WARSAW, Poland — Steady advances in multifocal IOL technology could make monofocality obsolete in the near future, according to a speaker.
"Recent improvements and new designs have solved or minimized the problems of multifocal IOLs, and new options like the toric component, the low near power and the trifocal technology have increased the opportunities for spectacle independence," Roberto Bellucci, MD, said at the winter meeting of the European Society of Cataract and Refractive Surgeons.
A 2012 Cochrane review included 16 studies comparing multifocal vs. monofocal IOLs, for a total of 1,608 participants. Mean near acuity was shown to be significantly higher with multifocal IOLs, while distance vision was not affected and spectacle dependence was reduced by half, Bellucci said.
"Monofocal IOLs are still winners when it comes to visual quality, but multifocals are catching up with the recent improvements. Glare is worse but rarely disturbing. Part might come from [posterior capsular opacification], which should be carefully evaluated and treated earlier in multifocal-implanted eyes," he said.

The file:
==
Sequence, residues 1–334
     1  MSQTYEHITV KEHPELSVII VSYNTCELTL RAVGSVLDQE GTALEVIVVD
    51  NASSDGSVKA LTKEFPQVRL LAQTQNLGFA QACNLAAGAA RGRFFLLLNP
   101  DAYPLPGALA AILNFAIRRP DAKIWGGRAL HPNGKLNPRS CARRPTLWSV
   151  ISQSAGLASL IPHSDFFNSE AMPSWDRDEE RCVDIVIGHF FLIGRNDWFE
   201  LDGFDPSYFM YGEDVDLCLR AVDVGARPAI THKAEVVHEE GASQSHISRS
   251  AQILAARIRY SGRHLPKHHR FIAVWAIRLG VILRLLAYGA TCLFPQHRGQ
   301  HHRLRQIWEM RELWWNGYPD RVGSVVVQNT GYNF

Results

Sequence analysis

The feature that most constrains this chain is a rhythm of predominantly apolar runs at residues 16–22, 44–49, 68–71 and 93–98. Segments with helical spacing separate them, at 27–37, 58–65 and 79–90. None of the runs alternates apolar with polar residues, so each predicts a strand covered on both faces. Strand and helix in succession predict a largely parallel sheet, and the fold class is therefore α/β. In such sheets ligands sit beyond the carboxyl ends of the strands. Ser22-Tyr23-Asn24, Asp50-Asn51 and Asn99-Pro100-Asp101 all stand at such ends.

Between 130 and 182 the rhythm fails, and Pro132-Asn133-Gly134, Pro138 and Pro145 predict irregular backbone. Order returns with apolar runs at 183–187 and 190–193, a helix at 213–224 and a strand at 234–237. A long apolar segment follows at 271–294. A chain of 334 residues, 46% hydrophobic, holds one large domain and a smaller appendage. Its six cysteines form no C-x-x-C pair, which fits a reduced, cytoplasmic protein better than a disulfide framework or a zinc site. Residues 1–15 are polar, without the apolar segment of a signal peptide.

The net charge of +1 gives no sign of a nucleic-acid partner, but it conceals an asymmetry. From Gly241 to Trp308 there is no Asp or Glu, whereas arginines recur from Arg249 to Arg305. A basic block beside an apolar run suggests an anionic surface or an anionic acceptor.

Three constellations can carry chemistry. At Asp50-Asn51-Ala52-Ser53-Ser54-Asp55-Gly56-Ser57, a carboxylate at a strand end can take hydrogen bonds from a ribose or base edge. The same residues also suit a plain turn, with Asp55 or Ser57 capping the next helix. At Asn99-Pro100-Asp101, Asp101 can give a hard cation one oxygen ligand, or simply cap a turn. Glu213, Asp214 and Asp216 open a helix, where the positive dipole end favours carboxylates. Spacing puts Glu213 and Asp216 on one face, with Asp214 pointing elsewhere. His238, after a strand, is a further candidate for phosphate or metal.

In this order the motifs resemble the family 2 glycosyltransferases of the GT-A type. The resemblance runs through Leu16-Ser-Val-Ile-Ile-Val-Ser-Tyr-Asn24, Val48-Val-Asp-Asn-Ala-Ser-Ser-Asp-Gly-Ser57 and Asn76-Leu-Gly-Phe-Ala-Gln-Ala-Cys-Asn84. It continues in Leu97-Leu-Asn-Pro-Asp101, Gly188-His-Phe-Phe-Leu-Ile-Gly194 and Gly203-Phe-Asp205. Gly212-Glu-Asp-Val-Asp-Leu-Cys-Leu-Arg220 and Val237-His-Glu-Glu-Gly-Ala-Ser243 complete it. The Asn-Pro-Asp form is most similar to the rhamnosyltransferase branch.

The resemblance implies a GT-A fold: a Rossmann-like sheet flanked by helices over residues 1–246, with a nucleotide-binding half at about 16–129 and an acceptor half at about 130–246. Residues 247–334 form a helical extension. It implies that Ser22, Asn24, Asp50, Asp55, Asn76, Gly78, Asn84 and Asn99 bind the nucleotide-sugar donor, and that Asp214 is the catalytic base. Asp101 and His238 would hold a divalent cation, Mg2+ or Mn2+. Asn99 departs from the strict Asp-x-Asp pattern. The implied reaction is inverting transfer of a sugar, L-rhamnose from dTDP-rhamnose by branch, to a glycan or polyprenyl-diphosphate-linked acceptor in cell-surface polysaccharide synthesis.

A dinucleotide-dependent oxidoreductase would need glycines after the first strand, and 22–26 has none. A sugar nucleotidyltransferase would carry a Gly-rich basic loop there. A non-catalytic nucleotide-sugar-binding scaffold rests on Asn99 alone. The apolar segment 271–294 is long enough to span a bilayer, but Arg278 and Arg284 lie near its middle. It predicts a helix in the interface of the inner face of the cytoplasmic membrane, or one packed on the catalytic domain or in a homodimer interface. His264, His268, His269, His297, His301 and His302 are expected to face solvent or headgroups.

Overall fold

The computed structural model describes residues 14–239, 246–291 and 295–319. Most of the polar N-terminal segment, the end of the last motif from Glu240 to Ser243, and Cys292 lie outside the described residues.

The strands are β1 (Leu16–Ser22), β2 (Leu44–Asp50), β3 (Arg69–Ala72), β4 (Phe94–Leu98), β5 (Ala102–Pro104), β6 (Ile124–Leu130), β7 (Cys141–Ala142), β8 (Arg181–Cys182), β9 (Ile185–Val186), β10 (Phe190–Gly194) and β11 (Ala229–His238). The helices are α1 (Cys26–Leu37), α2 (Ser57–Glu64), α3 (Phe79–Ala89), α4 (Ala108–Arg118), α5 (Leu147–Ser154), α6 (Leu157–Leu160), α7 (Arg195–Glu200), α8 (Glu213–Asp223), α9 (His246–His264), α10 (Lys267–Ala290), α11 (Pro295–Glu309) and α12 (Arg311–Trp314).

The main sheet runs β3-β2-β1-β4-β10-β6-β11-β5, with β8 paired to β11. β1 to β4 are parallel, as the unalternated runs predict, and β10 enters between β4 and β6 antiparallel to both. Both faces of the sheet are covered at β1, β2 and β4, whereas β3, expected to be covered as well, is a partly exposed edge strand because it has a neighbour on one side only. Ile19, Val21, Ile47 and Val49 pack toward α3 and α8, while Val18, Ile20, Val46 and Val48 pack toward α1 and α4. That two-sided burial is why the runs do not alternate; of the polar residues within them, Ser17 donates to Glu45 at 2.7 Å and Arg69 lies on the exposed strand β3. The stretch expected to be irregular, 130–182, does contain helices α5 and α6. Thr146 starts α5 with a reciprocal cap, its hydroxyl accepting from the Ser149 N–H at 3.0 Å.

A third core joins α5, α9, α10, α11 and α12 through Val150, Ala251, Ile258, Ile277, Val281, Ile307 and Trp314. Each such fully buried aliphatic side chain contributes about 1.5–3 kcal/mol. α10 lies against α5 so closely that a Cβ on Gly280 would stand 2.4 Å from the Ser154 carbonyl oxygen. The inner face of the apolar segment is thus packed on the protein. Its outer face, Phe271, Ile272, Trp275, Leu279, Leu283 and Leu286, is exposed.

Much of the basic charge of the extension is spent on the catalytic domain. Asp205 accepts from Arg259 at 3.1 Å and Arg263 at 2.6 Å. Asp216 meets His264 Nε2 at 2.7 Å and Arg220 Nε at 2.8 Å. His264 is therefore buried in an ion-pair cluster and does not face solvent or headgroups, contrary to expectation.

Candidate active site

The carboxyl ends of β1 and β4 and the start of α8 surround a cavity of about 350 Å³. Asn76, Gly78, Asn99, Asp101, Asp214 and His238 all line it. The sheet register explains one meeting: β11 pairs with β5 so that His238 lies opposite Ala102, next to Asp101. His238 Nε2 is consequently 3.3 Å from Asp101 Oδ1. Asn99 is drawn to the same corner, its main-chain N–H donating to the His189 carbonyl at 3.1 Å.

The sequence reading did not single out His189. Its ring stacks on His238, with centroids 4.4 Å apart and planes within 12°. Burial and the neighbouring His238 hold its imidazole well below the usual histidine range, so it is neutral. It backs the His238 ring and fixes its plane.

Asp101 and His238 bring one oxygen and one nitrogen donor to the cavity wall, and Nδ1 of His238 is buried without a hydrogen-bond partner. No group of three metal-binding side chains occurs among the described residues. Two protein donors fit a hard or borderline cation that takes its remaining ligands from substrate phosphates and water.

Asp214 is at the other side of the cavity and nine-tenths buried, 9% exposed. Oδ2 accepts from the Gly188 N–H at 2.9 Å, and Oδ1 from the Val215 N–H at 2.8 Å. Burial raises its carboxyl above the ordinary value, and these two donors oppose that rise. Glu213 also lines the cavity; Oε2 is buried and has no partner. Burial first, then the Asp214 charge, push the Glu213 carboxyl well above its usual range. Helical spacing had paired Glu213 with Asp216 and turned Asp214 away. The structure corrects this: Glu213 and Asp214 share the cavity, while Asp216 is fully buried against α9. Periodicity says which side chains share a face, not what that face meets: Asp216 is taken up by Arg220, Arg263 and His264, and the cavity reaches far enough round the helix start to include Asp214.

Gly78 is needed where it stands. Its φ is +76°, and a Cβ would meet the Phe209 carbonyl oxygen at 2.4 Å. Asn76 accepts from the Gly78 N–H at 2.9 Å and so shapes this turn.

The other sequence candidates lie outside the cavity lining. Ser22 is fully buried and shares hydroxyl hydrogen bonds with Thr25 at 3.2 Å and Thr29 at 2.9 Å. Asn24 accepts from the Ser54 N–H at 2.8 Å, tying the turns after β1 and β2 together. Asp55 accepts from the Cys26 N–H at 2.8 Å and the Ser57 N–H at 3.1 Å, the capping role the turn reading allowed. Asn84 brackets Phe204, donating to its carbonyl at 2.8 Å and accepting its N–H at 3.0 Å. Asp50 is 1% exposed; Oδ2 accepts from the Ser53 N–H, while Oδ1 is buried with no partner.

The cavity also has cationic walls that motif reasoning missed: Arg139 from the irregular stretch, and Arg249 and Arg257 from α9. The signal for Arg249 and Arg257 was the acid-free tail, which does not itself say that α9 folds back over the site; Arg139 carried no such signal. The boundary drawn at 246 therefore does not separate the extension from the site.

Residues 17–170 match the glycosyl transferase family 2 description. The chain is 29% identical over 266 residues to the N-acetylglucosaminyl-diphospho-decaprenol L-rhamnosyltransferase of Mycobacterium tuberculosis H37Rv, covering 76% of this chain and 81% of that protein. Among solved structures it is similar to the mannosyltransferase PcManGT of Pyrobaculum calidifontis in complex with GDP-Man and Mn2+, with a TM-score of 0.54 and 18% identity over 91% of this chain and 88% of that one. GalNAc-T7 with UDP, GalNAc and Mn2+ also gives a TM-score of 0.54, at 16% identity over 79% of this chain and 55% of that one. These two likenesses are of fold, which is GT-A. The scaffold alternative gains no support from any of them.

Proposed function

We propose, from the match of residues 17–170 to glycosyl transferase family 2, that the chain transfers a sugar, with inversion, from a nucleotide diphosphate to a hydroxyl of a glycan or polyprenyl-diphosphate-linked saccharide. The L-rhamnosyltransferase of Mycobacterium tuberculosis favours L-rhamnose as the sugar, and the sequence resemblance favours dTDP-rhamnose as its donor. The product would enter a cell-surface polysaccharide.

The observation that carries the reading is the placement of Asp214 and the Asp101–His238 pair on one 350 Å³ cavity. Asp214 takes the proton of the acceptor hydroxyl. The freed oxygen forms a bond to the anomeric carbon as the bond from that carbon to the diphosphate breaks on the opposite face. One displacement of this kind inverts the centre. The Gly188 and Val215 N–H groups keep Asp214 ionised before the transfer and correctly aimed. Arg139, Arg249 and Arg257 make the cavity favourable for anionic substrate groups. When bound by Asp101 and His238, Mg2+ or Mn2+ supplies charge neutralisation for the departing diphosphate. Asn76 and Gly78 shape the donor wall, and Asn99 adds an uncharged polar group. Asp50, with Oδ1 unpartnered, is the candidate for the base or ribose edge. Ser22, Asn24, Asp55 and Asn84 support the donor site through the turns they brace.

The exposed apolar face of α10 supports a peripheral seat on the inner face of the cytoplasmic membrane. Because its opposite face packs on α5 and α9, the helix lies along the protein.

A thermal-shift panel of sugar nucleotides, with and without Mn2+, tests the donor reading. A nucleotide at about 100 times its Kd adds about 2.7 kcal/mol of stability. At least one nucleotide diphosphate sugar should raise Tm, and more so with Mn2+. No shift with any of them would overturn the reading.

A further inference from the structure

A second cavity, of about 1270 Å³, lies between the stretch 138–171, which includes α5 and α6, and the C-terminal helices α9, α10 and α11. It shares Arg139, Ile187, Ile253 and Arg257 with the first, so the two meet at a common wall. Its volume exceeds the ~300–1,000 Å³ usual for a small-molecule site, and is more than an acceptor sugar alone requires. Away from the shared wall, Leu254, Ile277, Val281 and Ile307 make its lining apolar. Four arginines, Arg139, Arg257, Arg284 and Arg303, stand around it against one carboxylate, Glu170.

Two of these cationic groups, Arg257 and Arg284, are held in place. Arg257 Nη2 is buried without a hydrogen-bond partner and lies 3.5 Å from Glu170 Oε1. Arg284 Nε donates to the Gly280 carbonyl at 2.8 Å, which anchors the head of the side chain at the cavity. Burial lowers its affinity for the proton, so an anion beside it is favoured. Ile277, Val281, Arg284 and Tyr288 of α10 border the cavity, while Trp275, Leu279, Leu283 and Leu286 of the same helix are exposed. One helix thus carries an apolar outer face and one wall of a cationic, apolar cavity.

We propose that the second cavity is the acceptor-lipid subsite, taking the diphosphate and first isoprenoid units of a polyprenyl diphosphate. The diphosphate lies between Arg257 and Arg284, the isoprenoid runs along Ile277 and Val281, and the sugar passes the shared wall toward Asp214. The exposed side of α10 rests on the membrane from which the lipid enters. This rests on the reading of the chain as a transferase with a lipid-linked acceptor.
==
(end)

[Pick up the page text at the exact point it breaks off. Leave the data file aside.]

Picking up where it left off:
Patient satisfaction still varies and should be evaluated in relation to expectations.
"These patients expect not to wear glasses at all, not to have disturbances, and to go back to the vision they had in their 20s," Bellucci said.
However, in his experience with hundreds of multifocal implants, Bellucci said the exchange rate is very low. Only five of his patients had the lens explanted, two of them due to macular degeneration.
"The opposite also occurs: I had three patients who had a multifocal IOL in one eye and a monofocal in the fellow eye and asked me to have lens exchange to have a multifocal IOL in both," he said.
Disclosure: Bellucci is a consultant to Bausch + Lomb and receives travel/research grants form Hanita Lenses and SIFI.